10 Reasons entrepreneurship isn’t working for you

Being your own boss is lit for so many reasons. You can set your own work schedule, go to lunch when you want, and there’s no cap on how much money you’ll bring home each week. If you’ve been in business for yourself and feel like entrepreneurship is more of a burden than a blessing, here are some areas that may be causing you to miss the mark.

  1. Your marketing isn’t strategic. The channels you use to advertise your services should be places that your ideal customer is likely to be. For example, if you are a seamstress, now would be a good time to let people know you’re available to make prom dresses. Generally, you can find high schoolers on Instagram and Snapchat, not reading the local newspaper. Fashion is a visual thing and your customer won’t get the full spectrum of the design in a black and white newspaper ad.
  2. You’re misleading people. Be honest with yourself and let customers know what you can and can’t deliver. If you’re only good at making cupcakes, why take a deposit for a seven-tier wedding cake? Although you see yourself expanding into bigger orders, the most important day of a customer’s life is not the time to take chances. Practice on your time, not the customer’s.
  3. Your personal life overshadows your business. Do potential customers know more about your drama-filled relationships or your shady attitude versus the business you’ve started? Reevaluate what’s going on in your personal life so it doesn’t stunt your professional growth.
  4. Your work has left a bad taste in someone’s mouth. Perhaps your last business transaction didn’t go as well as you thought. Or maybe a customer expressed dislike and you ignored it. In any event, a bad review spreads like hives. Assess the damages and come up with a plan to save face.
  5. You’re lazy. Everyone wants to be a boss until they realize you can’t fake it until you make it. When you’re working a 9 to 5, it’s easy to shuffle around a few papers, drink coffee and convince your supervisor that you deserve to get paid this week. However, when you decide to be your own boss you work with clients who have direct access to you. There’s no extension to forward their calls to and keep them on hold until they forget what they called for–they want to hear from you about the progress of what they’ve paid for. You must deliver results.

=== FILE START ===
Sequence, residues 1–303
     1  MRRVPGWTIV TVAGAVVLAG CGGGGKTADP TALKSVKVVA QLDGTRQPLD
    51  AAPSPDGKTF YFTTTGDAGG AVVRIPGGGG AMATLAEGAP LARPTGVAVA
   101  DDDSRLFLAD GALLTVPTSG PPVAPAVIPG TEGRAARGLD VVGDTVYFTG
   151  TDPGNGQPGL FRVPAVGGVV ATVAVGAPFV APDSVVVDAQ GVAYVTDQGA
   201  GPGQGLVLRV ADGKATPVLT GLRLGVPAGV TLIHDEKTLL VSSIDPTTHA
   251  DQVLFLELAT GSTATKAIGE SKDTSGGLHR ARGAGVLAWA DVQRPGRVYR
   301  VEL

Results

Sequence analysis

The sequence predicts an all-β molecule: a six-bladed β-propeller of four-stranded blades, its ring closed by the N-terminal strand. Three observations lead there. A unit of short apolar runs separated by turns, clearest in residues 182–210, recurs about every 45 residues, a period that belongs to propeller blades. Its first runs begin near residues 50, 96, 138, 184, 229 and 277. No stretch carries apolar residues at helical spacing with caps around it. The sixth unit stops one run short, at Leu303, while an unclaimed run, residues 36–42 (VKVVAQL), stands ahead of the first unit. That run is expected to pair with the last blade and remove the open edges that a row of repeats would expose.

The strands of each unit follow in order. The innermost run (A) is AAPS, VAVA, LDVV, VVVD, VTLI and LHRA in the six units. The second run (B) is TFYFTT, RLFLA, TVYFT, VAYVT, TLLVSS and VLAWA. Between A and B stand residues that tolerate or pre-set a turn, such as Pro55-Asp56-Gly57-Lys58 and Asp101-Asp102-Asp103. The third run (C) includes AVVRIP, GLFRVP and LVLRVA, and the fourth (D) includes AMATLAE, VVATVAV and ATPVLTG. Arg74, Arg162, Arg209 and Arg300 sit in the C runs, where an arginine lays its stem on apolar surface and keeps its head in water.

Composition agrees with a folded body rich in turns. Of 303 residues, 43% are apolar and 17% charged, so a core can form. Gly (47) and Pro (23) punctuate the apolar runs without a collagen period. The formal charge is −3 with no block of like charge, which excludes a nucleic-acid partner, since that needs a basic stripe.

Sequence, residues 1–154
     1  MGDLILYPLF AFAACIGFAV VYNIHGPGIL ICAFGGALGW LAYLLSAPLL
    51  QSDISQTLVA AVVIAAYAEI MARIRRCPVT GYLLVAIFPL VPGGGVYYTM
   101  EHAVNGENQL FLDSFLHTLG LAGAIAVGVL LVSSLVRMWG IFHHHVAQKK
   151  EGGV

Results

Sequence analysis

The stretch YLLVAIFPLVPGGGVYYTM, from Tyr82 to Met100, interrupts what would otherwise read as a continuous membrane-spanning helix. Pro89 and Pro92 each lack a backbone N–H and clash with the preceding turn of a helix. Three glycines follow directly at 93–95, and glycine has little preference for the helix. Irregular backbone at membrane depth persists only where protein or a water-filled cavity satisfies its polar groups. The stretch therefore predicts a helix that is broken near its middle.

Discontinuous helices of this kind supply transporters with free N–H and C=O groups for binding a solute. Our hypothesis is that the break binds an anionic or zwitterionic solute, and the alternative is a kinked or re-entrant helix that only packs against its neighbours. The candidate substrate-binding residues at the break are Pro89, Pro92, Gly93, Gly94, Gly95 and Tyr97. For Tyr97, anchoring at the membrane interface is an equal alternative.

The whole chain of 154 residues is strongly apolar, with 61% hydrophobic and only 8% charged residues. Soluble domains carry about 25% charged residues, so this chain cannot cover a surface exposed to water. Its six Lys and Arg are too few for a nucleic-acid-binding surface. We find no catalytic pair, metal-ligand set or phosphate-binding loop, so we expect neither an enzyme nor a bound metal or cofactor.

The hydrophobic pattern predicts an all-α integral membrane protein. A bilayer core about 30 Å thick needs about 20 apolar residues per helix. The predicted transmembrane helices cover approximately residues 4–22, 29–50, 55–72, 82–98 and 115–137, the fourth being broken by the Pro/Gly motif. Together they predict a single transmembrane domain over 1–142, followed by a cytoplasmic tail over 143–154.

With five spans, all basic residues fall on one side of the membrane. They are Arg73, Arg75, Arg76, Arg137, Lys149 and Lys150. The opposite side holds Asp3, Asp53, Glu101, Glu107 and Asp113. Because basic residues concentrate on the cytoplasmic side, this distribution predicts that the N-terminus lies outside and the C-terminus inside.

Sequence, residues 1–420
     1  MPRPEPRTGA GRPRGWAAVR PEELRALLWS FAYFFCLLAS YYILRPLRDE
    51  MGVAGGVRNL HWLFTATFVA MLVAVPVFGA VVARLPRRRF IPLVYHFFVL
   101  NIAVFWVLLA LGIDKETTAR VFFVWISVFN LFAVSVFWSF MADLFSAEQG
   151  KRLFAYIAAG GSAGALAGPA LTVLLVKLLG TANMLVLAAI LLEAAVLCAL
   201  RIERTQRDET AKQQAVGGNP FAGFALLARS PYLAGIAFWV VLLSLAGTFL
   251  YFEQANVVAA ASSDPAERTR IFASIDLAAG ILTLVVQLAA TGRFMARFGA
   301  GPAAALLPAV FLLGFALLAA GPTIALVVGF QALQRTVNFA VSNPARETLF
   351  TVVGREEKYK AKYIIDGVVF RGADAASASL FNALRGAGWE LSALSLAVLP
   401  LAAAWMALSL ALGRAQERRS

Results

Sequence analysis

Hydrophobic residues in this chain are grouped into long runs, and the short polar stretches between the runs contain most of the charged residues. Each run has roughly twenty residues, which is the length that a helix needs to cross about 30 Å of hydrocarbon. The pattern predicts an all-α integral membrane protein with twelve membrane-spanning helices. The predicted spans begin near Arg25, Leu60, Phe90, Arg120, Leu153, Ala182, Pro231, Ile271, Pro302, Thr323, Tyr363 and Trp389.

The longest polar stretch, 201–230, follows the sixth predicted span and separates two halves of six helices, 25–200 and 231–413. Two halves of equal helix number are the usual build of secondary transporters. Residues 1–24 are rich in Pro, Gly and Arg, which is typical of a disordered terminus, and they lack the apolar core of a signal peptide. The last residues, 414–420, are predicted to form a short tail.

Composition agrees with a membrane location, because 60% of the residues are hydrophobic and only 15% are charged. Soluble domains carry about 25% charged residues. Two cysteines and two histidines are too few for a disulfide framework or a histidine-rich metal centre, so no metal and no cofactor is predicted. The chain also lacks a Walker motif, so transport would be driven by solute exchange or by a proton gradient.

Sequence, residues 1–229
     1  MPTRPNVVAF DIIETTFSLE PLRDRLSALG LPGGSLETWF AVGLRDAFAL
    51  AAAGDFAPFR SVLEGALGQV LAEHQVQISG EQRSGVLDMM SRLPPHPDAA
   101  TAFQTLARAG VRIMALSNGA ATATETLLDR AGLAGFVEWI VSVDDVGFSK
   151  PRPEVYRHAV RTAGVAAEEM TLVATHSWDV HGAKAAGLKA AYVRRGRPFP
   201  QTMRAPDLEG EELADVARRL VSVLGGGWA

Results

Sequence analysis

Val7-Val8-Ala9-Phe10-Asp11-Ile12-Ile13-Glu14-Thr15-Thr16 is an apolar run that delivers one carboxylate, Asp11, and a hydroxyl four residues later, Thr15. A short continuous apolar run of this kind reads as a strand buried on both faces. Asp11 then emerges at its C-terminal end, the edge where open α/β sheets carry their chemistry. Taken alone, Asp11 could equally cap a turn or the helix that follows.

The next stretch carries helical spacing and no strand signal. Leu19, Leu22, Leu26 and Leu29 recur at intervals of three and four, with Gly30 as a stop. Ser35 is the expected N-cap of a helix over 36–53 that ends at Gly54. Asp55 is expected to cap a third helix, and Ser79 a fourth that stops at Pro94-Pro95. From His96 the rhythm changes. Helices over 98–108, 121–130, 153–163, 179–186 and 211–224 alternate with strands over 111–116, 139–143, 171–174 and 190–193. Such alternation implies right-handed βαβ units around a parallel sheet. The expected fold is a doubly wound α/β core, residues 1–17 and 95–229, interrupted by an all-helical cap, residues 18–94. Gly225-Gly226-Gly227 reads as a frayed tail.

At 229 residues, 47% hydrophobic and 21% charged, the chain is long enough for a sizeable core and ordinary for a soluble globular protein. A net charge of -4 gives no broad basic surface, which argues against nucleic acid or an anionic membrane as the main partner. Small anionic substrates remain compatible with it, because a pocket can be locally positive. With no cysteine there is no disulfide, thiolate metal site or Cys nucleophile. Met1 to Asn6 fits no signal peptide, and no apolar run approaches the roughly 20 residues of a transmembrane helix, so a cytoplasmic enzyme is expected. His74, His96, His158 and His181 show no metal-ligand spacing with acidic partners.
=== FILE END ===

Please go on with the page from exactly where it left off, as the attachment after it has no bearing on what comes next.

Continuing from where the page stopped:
6. Your price points are way off. You may be undercharging for your products and services. If your revenue barely sustains your basic needs, it’s time to increase your prices. Sometimes as new entrepreneurs we are so anxious to do what we love for a living that we forget it has to be profitable.
  7. You’re too busy focusing on another entrepreneur’s success. Do you stalk people’s social media and fantasize about what it would be like to get the press and speaking engagements they receive? If your answer is yes, stop doing that and focus on how you can improve your brand and achieve the same success. It’s also not good to copy other brands. Find your authentic voice and customers will find you.
  8. You need to delegate some tasks. Being an entrepreneur means that you started a business, but it doesn’t mean you have to work alone. Time is of the essence and you shouldn’t waste it on things that are outside of your skillset. Graphic design, public relations, and accounting can be handled by someone else if it’s too much for you to handle.
  9.  You don’t know how to network. Networking is not about becoming friends with folks and stealing their connections. Socializing with others is a huge part of life and if you want to succeed in business you’re going to have to position yourself at conferences and events tailored to your industry. Attending workshops allows you to meet other smart people who can relate to the work you do and refreshes your thinking.
  10. You have no faith in yourself. Entrepreneurship is not for the faint at heart. If you don’t believe in what you’re doing, why should a potential customer? Reevaluate why you went into business to make sure this is what you really want to do and find a good mentor in your industry who is seasoned if you decide to continue.